A Polish woman who has lived close to the scene of a horrific racist attack for years has said that said that she has only ever encountered kindness from local people.
The attack on Monday night saw the eastern European trio struck with golf clubs by a gang of up to 15 individuals in a loyalist residential neighbourhood in east Belfast.
Judyta Szacillo, 33, who has been living in the Province for the last nine years, and in that area for three years, said she believed that most people in the area would never support such actions.
Ms Szacillo is currently in the process of moving, and says she aims to take up residence in to a new part of Belfast, partly for reasons of safety, given the upsurge in racist attacks.
She said she was worried by “more and more stories” emerging about incidents across the city, however she added: “I would like to stress that I’ve never experienced anything but kindness from all the neighbours that I’ve met throughout all the time I’ve lived here.
“I really don’t think the majority condone it in any way, or support it.”
Most people, she said, are “decent human beings,” adding: “I think it’s an important message to be sent, because if you start accusing everyone around you, you will have people getting more nervous about it and touchy.”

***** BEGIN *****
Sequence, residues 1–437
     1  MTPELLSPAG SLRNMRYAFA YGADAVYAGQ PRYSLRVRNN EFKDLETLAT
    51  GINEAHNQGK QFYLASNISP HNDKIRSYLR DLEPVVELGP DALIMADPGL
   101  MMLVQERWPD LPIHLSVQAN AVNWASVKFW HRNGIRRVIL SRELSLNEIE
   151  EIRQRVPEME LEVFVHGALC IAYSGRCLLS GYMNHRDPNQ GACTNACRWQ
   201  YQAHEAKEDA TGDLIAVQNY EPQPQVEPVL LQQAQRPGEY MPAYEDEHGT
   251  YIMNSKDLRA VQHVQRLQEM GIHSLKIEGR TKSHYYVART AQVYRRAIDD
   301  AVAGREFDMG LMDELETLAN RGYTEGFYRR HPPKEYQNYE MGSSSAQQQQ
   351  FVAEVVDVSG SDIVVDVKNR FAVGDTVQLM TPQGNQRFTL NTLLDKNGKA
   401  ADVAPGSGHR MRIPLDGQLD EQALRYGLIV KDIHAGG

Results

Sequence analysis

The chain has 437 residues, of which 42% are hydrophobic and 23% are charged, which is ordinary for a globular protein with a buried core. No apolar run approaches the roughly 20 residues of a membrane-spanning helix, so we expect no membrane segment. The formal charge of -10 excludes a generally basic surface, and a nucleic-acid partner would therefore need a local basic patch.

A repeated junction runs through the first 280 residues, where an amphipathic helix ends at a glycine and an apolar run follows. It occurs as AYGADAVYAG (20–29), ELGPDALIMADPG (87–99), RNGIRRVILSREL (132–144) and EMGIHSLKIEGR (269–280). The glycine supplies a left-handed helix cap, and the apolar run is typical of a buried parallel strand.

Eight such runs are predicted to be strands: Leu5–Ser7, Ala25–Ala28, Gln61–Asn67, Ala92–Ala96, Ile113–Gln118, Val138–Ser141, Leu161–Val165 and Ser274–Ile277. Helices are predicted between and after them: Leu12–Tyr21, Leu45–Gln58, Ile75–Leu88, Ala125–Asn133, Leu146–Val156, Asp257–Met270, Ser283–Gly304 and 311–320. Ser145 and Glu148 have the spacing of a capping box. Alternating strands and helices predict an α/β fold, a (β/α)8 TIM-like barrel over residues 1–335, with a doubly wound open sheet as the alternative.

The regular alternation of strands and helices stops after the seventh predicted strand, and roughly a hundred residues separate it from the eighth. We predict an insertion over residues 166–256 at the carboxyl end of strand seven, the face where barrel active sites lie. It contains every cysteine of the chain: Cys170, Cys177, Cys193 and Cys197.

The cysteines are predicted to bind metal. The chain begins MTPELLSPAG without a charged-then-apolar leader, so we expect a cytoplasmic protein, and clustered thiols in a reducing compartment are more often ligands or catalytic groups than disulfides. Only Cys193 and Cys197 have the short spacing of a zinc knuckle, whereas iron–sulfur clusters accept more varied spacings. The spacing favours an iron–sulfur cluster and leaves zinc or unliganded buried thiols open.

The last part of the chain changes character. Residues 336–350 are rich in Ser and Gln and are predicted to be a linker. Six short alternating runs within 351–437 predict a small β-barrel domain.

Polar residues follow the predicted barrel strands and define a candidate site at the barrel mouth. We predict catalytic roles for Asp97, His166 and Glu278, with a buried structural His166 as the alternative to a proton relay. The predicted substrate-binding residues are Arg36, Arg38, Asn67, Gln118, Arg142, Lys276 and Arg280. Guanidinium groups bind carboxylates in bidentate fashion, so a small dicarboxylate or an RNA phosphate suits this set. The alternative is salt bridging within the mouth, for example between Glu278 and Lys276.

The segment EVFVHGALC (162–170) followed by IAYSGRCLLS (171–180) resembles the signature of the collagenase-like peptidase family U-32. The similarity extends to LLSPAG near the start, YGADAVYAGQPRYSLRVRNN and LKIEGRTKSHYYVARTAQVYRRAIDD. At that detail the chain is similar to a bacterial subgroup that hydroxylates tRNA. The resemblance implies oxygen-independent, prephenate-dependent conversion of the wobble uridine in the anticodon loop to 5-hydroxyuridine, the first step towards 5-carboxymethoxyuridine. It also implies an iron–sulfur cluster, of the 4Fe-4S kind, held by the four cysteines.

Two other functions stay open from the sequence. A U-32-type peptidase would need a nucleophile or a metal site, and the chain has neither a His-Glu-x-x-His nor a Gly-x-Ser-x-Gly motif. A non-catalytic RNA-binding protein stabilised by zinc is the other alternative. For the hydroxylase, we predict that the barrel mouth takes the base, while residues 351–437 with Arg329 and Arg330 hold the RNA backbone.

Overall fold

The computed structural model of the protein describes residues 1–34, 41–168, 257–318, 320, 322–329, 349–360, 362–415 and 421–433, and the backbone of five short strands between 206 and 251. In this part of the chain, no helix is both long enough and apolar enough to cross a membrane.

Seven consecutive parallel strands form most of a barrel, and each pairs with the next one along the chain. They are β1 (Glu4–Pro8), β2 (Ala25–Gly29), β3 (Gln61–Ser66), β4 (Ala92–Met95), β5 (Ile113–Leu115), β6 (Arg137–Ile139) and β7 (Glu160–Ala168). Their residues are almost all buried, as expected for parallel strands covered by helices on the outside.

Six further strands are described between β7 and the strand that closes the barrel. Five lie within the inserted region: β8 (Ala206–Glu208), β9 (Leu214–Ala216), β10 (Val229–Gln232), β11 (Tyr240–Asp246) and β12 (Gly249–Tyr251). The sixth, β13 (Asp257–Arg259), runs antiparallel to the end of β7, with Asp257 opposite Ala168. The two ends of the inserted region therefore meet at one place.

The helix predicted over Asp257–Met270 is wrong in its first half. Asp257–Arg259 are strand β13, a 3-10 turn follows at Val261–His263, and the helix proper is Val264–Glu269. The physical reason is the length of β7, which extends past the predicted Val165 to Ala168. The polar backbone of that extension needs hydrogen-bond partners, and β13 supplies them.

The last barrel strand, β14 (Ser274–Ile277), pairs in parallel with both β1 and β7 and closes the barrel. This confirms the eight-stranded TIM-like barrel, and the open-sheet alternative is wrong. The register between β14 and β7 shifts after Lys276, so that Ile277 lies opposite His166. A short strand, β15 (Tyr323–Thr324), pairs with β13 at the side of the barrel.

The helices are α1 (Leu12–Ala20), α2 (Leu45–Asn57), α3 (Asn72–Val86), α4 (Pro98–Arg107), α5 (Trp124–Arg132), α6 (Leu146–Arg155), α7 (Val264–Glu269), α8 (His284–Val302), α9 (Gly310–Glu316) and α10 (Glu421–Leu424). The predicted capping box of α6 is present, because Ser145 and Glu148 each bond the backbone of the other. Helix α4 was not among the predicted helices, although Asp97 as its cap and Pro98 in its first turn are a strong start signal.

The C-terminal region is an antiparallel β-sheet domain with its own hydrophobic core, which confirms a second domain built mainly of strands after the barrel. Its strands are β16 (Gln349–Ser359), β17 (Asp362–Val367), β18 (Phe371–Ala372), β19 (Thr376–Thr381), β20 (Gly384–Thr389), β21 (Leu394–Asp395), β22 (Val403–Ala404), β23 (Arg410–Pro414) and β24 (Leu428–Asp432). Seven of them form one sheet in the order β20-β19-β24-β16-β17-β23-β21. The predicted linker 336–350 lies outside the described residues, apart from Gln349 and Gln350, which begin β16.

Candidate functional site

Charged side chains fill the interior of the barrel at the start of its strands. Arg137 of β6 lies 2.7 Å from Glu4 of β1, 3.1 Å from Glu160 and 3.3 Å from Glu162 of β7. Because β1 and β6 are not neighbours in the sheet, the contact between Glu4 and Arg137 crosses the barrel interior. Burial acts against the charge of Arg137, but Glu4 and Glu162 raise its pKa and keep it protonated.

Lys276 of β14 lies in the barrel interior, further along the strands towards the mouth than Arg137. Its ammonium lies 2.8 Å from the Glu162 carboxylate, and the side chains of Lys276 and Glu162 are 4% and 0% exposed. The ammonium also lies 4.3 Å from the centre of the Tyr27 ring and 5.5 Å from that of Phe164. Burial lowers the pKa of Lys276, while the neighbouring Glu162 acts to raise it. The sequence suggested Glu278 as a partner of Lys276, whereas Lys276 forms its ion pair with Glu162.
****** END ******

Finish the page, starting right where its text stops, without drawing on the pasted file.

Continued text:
In recent weeks the police have said that the UVF are involved in racist attacks in the area and said they seemed close to “ethnic cleansing”.
John Kyle, a local councillor with the UVF-linked Progressive Unionist Party (PUP) said he believed it was now time to draw up a blueprint for how to overcome the tensions.
Dr Kyle, representing the Pottinger area, said that there is a “rather fraught atmosphere” in east Belfast at present.
He added: “I think there are tensions within the community, and they sometimes result in aggression.
“I think as a community we need to be talking to each other and trying to work together to bring some sort of calm.
“I think on a practical level in east Belfast we need to develop a community plan for how to deal with tensions between ethnic minorities and local indigenous residents.”
He suggesting getting community leaders together with the Northern Ireland Council for Ethnic Minorities.
East Belfast councillor Maire Hendron of the Alliance Party, branded the incident “shocking”, and said: “I hope they will be able to make swift recoveries from the injuries they sustained. No one deserves to be a victim of such an attack.”